TRCP’s outgoing water policy director looks back on two landmark victories bearing the unmistakable fingerprints of hunters and anglers
If you ever attend a Nationals game in Washington, D.C., leave by the southeast gate, walk through Diamond Teague Park—named for a young man who devoted much of his life to restoring the Anacostia River before his tragic death—and look for the historic Old Pump House. This building used to pump water to the plant that provides power to the U.S. Capitol before the Anacostia River became too polluted and clogged with debris. The pump house is now home to the Earth Conservation Corps, which is restoring the Anacostia River and improving the lives of at-risk youth in Washington, D.C. On May 27, 2015, it was the site of one of our community’s most important victories for clean water and one of the high points of my career in conservation.
A New Era of Clean Water Protection Begins
On that day last spring, sportsmen gathered with some of the most important D.C. water officials, small business leaders, and even one beer maker, to celebrate the signing of the final rule to improve Clean Water Act protection for trout streams and duck habitat. Once this decision is fully implemented, it will mean more cold clean water for anglers and fewer drained or polluted wetlands.
The fight for better clean water protection had been a long time coming, a battle that stretched back 15 years. And, to borrow from one of Theodore Roosevelt’s most famous speeches, some of the credit belongs to the sportsmen “in the arena” for this fight. You could see their fingerprints on the final product.
Ms. Sheppard Goes to Washington
Nearly a year later, I sat in an auditorium at the White House watching TRCP’s Mia Sheppard tell President Obama’s team why cold, clean streams are important to her, her family, and her livelihood as a fishing guide. Drought is hurting rivers in the West, including the Deschutes River, and its native redside trout, right in her backyard. She told the president about the Deschutes and found herself getting choked up as she told the crowd, “When fish lose, we lose.”
Mia came to the meeting armed with 20 recommendations developed by sportsmen that will make our rivers and streams more resilient to the effects of drought and our fish and habitat healthier as a result. By the end of the day, more than half of these recommendations were part of official government policy. Sportsmen again had gone into the arena and left their mark.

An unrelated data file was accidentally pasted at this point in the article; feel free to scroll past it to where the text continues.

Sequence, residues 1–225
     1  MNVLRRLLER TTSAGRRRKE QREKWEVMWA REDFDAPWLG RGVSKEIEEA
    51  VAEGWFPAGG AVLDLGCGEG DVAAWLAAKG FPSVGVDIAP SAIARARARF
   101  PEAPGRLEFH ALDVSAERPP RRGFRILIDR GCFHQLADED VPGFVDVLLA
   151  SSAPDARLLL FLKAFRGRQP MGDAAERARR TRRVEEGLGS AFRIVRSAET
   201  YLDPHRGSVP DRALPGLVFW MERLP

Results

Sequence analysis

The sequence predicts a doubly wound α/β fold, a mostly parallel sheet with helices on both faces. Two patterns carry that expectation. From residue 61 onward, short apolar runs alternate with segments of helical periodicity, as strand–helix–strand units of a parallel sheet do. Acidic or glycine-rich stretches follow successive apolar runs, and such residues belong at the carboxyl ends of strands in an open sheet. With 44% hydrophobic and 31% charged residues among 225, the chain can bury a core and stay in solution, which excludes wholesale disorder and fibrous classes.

TRCP was formed in the belief that when sportsmen speak with one voice, there is nothing we can’t accomplish. Four years ago, the TRCP began to focus on water resources with that same belief. Jim Martin, the retired conservation director at Pure Fishing and a TRCP champion, once said, “The most effective protections [for sustainable fisheries] are embodied in policy and…law.” Donning a suit and tie to walk the halls of Congress may not be as exciting as our days on the water or in a duck blind, but sportsmen must remain in the policy arena to protect what we love. The events at the White House and on the banks of the Anacostia River show how much we’ve accomplished already.
I came to TRCP at the beginning of this great chapter for our water resources, and I’ve seen the unique impact sportsmen can have on policy. As I prepare to move on to another conservation leader, The Nature Conservancy, I’ll be taking the spirit of Theodore Roosevelt with me, along with his words: “In any moment of decision, the best thing you can do is the right thing, the next best thing is the wrong thing, and the worst thing you can do is nothing.”
After more than three years with the organization, I’m confident that sportsmen can count on the TRCP to do the right thing. So I move on to the next chapter in my conservation story believing that Roosevelt would be proud of what we’ve accomplished for water. It’s only the beginning.